Competing interests

ES is an employee of Diagnostics Engineering & Research, which consulted to Mitsubishi Chemical Europe, Radiometer, Axis-Shield Diagnostics, LSI Medience Corporation, Japan, Roche Diagnostics, and Shanghai Kehua Bio-Engineering, China. However, no potential conflict of interest to this study was reported. Markus B Skrifvars has received a speakers fee from Axis-Shield Diagnostics.

All other authors reported no conflicts of interest.

Ethics approval and consent to participate

The ethics committees of Päijät-Häme, Etelä-Karala, Satakunta, Kymenlaakso Central Hospitals, and Tampere and Turku University Central Hospitals in addition to Helsinki and Uusimaa Hospital District approved the study. Informed consent from the patient’s next of kin was obtained for data collection and blood sampling.

Open AccessThis article is distributed under the terms of the Creative Commons Attribution 4.0 International License (, which permits unrestricted use, distribution, and reproduction in any medium, provided you give appropriate credit to the original author(s) and the source, provide a link to the Creative Commons license, and indicate if changes were made. The Creative Commons Public Domain Dedication waiver ( applies to the data made available in this article, unless otherwise stated.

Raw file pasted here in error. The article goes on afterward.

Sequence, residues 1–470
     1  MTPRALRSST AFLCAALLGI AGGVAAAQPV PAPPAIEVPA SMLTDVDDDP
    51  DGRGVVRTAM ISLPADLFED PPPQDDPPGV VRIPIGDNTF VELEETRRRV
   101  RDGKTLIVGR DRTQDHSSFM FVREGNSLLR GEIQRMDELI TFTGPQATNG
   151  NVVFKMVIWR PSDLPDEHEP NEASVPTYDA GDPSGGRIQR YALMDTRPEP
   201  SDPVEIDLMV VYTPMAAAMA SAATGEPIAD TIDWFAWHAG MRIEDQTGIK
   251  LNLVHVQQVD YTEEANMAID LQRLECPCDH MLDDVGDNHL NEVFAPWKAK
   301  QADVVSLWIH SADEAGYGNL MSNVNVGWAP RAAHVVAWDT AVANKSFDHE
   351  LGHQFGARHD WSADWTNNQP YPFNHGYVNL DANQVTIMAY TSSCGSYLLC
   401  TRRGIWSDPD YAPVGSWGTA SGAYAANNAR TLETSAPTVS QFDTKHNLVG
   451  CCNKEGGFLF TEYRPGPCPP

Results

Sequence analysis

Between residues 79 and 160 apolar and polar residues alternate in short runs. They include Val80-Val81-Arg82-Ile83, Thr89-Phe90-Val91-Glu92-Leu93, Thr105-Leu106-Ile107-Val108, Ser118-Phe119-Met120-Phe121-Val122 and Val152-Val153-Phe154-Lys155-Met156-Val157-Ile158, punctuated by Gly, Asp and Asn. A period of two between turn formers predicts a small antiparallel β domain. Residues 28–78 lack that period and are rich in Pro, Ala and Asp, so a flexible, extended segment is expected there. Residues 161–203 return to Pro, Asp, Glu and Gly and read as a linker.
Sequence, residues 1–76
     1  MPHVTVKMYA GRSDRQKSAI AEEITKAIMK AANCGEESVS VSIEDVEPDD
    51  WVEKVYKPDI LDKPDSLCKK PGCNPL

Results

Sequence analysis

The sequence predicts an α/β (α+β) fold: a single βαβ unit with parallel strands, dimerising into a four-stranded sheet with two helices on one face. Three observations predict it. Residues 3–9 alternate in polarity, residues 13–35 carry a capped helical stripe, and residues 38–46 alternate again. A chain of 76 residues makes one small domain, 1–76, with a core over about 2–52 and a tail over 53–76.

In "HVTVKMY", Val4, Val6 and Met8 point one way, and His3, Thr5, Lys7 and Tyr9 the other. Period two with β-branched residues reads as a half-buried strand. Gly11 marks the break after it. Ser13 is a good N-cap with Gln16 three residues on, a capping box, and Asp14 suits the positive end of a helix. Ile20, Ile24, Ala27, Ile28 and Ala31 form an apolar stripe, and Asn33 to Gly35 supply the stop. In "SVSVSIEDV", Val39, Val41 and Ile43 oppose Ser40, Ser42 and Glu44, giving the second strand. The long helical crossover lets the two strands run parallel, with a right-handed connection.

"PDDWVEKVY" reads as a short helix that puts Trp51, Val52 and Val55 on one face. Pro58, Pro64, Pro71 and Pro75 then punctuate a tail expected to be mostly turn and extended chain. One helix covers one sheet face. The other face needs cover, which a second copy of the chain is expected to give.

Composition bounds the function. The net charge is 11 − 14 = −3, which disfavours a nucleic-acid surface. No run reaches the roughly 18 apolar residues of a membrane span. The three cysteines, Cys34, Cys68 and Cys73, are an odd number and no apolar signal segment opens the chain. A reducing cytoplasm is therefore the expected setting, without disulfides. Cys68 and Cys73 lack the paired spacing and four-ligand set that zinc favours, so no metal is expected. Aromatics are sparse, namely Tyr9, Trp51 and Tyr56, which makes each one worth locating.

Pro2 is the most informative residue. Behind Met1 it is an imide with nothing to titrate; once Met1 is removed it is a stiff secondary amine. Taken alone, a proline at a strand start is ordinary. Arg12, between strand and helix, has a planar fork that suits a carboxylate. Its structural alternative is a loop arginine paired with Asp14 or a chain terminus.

Authors’ Affiliations

Department of Cardiovascular Research, IRCCS – Istituto di Ricerche Farmacologiche “Mario Negri”, Milan, Italy
Department of Neurology, Helsinki University Hospital, Helsinki, Finland
Division of Intensive Care Medicine, Kuopio University Hospital, Kuopio, Finland
Division of Intensive Care Medicine, Department of Anaesthesiology, Intensive Care and Pain Medicine, University of Helsinki and Helsinki University Hospital, Topeliuksenkatu 5, PL 266, 00029 HUS, Helsinki, Finland
DIAneering – Diagnostics Engineering & Research, Heidelberg, Germany
Department of Intensive Care, Tampere University Hospital, Tampere, Finland
Intensive Care, Inselspital, Bern University Hospital, Bern, Switzerland
Australian and New Zealand Intensive Care Research Centre, School of Public Health and Preventive Medicine, Monash University, Melbourne, Victoria, Australia


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© The Author(s). 2016